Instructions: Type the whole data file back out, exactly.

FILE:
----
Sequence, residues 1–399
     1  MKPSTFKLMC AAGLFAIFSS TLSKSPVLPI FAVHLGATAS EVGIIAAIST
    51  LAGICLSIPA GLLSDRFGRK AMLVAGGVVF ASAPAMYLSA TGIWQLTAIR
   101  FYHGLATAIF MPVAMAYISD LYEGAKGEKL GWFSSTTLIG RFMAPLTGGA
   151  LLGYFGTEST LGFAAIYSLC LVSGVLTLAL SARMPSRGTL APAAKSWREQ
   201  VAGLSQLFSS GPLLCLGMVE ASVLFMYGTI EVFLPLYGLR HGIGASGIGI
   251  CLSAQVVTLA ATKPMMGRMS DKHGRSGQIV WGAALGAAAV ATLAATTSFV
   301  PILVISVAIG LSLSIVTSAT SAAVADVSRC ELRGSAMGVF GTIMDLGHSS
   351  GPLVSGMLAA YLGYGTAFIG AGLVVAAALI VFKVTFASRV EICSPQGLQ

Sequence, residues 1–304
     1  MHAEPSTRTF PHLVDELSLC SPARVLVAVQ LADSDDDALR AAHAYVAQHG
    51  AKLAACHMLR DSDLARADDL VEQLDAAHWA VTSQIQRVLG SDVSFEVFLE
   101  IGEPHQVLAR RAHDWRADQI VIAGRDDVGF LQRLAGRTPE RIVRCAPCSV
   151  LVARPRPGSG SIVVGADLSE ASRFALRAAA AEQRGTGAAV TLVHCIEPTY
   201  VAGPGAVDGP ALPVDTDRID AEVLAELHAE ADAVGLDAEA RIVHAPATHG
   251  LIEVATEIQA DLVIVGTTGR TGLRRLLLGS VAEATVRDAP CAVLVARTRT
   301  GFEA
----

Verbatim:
Sequence, residues 1–399
     1  MKPSTFKLMC AAGLFAIFSS TLSKSPVLPI FAVHLGATAS EVGIIAAIST
    51  LAGICLSIPA GLLSDRFGRK AMLVAGGVVF ASAPAMYLSA TGIWQLTAIR
   101  FYHGLATAIF MPVAMAYISD LYEGAKGEKL GWFSSTTLIG RFMAPLTGGA
   151  LLGYFGTEST LGFAAIYSLC LVSGVLTLAL SARMPSRGTL APAAKSWREQ
   201  VAGLSQLFSS GPLLCLGMVE ASVLFMYGTI EVFLPLYGLR HGIGASGIGI
   251  CLSAQVVTLA ATKPMMGRMS DKHGRSGQIV WGAALGAAAV ATLAATTSFV
   301  PILVISVAIG LSLSIVTSAT SAAVADVSRC ELRGSAMGVF GTIMDLGHSS
   351  GPLVSGMLAA YLGYGTAFIG AGLVVAAALI VFKVTFASRV EICSPQGLQ

Sequence, residues 1–304
     1  MHAEPSTRTF PHLVDELSLC SPARVLVAVQ LADSDDDALR AAHAYVAQHG
    51  AKLAACHMLR DSDLARADDL VEQLDAAHWA VTSQIQRVLG SDVSFEVFLE
   101  IGEPHQVLAR RAHDWRADQI VIAGRDDVGF LQRLAGRTPE RIVRCAPCSV
   151  LVARPRPGSG SIVVGADLSE ASRFALRAAA AEQRGTGAAV TLVHCIEPTY
   201  VAGPGAVDGP ALPVDTDRID AEVLAELHAE ADAVGLDAEA RIVHAPATHG
   251  LIEVATEIQA DLVIVGTTGR TGLRRLLLGS VAEATVRDAP CAVLVARTRT
   301  GFEA